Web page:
Would you believe me if I told you that some of the best bread I have eaten was created by an ex-convict? Well, it's true, no I didn't work in a prison bakery, I read it on a package of bread. In an act of brave transparency, Dave's Killer bread printed the story right on the outside of their package.
Transparency is a funny word, a word that we see thrown around in articles often. We want people to be transparent in the form of honesty in personal relationships while we urge companies to respect transparency in their business operations.
So what is transparency and what does it mean for us as people? Some of us see it as dizzying pile of ideas that make little or no sense to us, others see it as the willing act of being clear and easy to understand in all we do.
Transparency can be a friend and a foe, it can make people applaud us for being brave or loathe us for our imperfections. In either case we need to take a gamble and honor what transparency means to us. We need to go with it, fully understanding that not everyone will like what they hear. Yet, putting into action this bravery and conviction for realness can pay dividends with the right people.
A good friend wants to know the real you, they know in doing so they will have the opportunity to deepen a relationship that at best, without it, will remain one dimensional and surface. When knowing a person more fully we open up the possibility for a deeper more meaningful connection.
We see too often in the media how a false sense of perfection can explode in someone's face. People seem much less forgiving to those that sit upon their high horse and lecture at the mortals below. For those that have been brave enough to be transparent in their life it often seems people can be more forgiving, even cheering people on while they go through a difficult time.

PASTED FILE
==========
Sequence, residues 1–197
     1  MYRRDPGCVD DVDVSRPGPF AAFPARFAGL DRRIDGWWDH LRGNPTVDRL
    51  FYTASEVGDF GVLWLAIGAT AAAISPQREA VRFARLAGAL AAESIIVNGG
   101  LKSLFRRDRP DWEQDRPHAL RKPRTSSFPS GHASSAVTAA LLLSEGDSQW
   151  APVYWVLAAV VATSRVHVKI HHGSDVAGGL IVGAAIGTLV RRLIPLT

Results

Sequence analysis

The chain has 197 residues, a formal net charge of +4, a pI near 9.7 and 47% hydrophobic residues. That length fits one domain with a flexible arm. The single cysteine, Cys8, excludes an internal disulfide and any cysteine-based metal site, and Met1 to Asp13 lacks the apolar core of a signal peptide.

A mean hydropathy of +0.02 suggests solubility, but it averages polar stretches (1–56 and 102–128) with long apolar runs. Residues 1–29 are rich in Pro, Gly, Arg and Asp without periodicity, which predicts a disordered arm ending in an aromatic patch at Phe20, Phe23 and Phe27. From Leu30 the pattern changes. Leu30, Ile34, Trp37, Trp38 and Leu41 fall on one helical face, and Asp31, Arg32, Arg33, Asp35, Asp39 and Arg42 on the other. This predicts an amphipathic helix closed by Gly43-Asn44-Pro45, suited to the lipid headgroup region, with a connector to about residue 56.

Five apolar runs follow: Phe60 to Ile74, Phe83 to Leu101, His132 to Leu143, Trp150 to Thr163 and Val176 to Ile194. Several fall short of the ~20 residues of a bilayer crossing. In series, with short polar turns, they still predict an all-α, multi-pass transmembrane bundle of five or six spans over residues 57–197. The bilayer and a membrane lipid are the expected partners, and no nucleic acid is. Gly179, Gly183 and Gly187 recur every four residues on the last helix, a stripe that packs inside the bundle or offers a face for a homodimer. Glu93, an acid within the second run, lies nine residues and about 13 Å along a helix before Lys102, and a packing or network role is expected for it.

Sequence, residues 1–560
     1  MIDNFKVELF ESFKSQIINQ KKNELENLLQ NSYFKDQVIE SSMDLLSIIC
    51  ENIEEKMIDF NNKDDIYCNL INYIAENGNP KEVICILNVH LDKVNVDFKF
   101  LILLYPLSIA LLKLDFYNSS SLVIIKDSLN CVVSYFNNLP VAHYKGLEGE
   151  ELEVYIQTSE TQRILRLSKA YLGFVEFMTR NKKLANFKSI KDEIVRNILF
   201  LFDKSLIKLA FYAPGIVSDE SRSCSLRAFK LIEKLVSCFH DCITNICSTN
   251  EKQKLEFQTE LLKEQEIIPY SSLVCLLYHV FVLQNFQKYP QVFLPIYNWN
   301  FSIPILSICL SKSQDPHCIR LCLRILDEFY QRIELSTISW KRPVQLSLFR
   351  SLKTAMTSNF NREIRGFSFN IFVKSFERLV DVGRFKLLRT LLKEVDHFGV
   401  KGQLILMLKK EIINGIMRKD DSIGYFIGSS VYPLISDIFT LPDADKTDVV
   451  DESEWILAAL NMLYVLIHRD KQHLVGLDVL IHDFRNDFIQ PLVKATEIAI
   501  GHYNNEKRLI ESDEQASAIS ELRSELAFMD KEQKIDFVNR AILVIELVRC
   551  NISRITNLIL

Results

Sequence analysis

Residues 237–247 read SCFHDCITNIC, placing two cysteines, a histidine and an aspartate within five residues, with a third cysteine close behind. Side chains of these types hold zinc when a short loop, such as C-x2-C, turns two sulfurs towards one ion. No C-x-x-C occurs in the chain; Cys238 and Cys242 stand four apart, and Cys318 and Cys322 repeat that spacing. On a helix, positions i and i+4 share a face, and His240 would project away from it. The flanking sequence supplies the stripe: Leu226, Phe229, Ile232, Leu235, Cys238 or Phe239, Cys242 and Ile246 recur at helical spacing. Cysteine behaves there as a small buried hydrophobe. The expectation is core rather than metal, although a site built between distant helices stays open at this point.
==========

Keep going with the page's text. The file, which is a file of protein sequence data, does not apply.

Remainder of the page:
Admitting that you’ve goofed disarms critics and makes employees more apt to own up to mistakes. -Harvard Business Review
We are all fallible creatures and so, it seems less daunting when a human is proved to be human as opposed to a pseudo God falling down to the Earth and being forced to walk in human shoes like the rest of us. As human we connect when we feel accepted and have a mutual experience or understanding to share. When we are transparent with the right people the right people are transparent with us and that is where the magic of excellent connections intersect.
A great example of transparency that has been so very beneficial is the story of Dave's Killer bread.
Dave spent 15 years in prison, upon his release his older brother gave him a job which was a second chance at a new life. You will find this story on the outside of every bread package. Dave turned his second chance into a thriving business that employs ex-felons, offers grants to organizations serving at risk youth and has a loyal and growing customer base.
Dave was able to leverage transparency and use it to his benefit. His story added character to his product, which gave store buyers and retail customers a real person to get behind. Most of all, his truth gave people a handshake of humanity, Dave wasn't trying to be anyone but Dave and sell his bread under a very real and honest premise. Transparency may be just the ingredient you need to separate yourself from the herd of bland mediocrity.
What story do you have to share that can make you or your company a delicious rarity in a world of copies. What steps can you take to make your story part of your mission? How brave are you to trust that it will pay you dividends that you may never see otherwise? Can you think of a way to begin implementing a transparent strategy to your life or business? Can you wade through the fall out for the awesomeness it can bring?
Today is the day to begin using your unique story to build deeper relationships with your family, friends and customers. Vulnerability is a rare commodity, take what you have and let it shine for you.